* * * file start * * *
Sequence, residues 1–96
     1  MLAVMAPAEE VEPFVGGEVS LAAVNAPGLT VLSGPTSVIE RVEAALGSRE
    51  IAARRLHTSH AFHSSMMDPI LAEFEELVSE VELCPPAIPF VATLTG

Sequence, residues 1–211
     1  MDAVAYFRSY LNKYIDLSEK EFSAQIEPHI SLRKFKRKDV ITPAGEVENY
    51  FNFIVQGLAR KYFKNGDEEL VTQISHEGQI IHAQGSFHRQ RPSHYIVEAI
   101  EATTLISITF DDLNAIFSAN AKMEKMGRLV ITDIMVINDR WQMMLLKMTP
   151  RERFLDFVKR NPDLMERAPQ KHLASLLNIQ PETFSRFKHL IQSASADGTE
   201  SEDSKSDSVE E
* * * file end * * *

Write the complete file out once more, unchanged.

Sequence, residues 1–96
     1  MLAVMAPAEE VEPFVGGEVS LAAVNAPGLT VLSGPTSVIE RVEAALGSRE
    51  IAARRLHTSH AFHSSMMDPI LAEFEELVSE VELCPPAIPF VATLTG

Sequence, residues 1–211
     1  MDAVAYFRSY LNKYIDLSEK EFSAQIEPHI SLRKFKRKDV ITPAGEVENY
    51  FNFIVQGLAR KYFKNGDEEL VTQISHEGQI IHAQGSFHRQ RPSHYIVEAI
   101  EATTLISITF DDLNAIFSAN AKMEKMGRLV ITDIMVINDR WQMMLLKMTP
   151  RERFLDFVKR NPDLMERAPQ KHLASLLNIQ PETFSRFKHL IQSASADGTE
   201  SEDSKSDSVE E